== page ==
The neurofibromatoses are genetic disorders of the nervous system that primarily affect the development and growth of neural (nerve) cell tissues. These disorders cause tumors to grow on nerves and produce other abnormalities such as skin changes and bone deformities.
Although many affected persons inherit the disorder, between 30 and 50 percent of new cases arise spontaneously through mutation (change) in an individual's genes.
Neurofibromatosis was discovered in 1882 by von Recklinghausen. Joseph Merrick, the Elephant Man, was once considered to have been afflicted with either elephantiasis or neurofibromatosis type I. However, it is now generally believed that Merrick suffered from the very rare Proteus syndrome or perhaps a combination of the two conditions.
The neurofibromatoses are a group of three genetically distinct but related disorders of the nervous system that cause tumors to grow around the nerves. Tumors begin in the cells that make up the myelin sheath, a thin membrane that envelops and protects nerve fibers, and often spread into adjacent areas. The type of tumor that develops depends on its location in the body and the kind of cells involved. The most common tumors are neurofibromas, which develop in the tissue surrounding peripheral nerves. Most tumors are non-cancerous, although occasionally they become cancerous over time.
An estimated 100,000 Americans have a neurofibromatosis (the singular form of neurofibromatoses) disorder, which occurs in both sexes and in all races and ethnic groups. Scientists have classified the disorders as neurofibromatosis type 1 (NF1), neurofibromatosis type 2 (NF2), and a type that was once considered to be a variation of NF2 but is now called schwannomatosis.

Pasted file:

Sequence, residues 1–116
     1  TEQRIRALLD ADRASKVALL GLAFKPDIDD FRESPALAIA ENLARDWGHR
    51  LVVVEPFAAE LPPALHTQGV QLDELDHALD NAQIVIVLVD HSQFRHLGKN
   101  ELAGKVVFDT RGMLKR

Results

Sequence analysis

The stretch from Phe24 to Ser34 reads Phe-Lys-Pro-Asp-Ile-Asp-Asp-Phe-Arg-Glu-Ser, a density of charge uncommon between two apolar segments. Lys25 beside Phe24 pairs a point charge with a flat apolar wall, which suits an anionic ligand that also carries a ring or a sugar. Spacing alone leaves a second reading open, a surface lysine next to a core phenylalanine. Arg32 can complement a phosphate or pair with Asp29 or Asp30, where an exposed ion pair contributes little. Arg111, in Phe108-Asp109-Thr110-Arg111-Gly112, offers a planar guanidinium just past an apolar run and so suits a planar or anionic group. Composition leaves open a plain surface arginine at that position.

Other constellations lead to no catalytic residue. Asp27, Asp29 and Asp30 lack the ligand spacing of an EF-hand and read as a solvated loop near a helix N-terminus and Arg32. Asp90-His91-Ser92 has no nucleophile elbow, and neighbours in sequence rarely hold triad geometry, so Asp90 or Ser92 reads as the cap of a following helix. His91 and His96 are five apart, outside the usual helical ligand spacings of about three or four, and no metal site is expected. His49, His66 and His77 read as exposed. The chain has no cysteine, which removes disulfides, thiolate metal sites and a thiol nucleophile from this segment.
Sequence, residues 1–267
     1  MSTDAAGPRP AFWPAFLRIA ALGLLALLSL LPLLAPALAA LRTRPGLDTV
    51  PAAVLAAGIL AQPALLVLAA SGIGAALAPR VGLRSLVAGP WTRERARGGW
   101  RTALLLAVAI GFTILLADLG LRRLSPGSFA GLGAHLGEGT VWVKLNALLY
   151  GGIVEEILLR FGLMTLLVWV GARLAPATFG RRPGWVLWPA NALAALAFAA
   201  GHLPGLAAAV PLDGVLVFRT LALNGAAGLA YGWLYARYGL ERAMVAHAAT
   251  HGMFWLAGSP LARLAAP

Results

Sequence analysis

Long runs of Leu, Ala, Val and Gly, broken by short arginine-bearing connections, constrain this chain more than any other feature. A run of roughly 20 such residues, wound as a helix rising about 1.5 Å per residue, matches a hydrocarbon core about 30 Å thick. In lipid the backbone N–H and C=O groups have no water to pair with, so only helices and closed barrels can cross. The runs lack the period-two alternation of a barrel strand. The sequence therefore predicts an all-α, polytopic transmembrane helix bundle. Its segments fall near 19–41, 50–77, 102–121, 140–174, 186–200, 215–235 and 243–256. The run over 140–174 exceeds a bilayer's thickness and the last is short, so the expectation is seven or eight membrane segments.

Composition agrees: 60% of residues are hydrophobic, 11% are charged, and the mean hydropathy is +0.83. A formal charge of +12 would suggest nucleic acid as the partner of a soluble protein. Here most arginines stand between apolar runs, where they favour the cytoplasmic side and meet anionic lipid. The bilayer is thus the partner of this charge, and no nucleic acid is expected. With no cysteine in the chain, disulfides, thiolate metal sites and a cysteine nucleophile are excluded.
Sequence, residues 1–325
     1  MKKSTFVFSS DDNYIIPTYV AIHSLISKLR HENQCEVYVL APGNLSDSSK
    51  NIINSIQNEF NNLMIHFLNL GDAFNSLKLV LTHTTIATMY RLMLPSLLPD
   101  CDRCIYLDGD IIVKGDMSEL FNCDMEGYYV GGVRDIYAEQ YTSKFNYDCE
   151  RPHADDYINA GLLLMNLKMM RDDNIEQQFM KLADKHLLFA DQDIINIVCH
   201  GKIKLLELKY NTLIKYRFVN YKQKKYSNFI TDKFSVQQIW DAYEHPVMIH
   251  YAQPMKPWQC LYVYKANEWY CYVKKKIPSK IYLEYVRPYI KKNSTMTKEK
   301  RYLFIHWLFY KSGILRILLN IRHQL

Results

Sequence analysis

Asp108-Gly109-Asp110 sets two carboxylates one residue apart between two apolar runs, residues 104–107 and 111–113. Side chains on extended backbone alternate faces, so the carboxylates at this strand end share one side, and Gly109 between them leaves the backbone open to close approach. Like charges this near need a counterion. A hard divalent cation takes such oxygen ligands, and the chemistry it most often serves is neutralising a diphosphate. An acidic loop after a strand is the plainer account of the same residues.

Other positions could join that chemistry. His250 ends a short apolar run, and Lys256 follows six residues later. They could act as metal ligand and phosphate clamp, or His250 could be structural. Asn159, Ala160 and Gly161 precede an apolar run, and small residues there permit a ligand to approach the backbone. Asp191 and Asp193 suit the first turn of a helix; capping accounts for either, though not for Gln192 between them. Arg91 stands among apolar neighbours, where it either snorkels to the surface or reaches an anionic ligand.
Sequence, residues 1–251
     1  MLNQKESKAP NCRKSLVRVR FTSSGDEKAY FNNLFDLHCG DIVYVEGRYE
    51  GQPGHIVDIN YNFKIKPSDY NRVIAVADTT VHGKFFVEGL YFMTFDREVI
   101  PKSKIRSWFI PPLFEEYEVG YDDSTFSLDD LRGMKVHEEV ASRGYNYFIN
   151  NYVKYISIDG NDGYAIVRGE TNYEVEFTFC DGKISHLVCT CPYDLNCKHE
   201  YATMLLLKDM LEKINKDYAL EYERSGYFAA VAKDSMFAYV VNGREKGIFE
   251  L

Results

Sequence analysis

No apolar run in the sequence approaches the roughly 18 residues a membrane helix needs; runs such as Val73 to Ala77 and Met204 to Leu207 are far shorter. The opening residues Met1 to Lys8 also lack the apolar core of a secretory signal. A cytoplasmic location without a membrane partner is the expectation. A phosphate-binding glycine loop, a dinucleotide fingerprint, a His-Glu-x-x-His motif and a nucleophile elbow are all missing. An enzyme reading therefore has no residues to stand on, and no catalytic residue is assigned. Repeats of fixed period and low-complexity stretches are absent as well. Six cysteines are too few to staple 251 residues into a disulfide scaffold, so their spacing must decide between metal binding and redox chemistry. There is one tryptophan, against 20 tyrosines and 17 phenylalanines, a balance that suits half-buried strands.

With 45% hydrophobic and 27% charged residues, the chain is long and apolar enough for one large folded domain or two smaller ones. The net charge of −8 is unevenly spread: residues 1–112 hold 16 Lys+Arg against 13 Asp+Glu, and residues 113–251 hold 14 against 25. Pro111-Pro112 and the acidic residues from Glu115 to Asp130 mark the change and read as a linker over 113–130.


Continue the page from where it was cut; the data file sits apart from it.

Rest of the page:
NF1 - A progressive disorder, which means most symptoms will worsen over time, although a small number of people may have symptoms that stay the same and never get any worse. It isn't possible to predict the course of any individual's disorder. In general, most people with NF1 will develop mild to moderate symptoms, and if complications arise they will not be life-threatening. Most people with NF1 have a normal life expectancy.
NF2 - This rare disorder affects about 1 in 40,000 people and is characterized by slow-growing tumors on the eighth cranial nerve. This nerve has two branches: the acoustic branch helps people hear by transmitting sound sensations to the brain; the vestibular branch helps people maintain their balance. The tumors of NF2, called vestibular schwannomas, press against and sometimes even damage the nerves they surround. In some cases they will also damage nearby vital structures such as other cranial nerves and the brainstem, leading to a potentially life-threatening situation. Individuals with NF2 are at risk for developing other types of nervous system tumors such as spinal schwannomas, which grow within the spinal cord and between the vertebrae, and meningiomas, which are tumors that grow along the membranes covering the brain and spinal cord.
Schwannomatosis - A newly recognized neurofibromatosis that is genetically and clinically distinct from NF1 and NF2. Like NF2 it occurs rarely. Inherited forms of the disorder account for only 15 percent of all cases. Researchers still don't fully understand what causes the tumors and the intense pain that are characteristics of the disorder.
The first noticeable sign of neurofibromatosis is usually the presence of multiple cafe-au-lait spots. If your child has several of these spots, ask your doctor to do a thorough examination; he or she may need to screen your child for other signs of NF.
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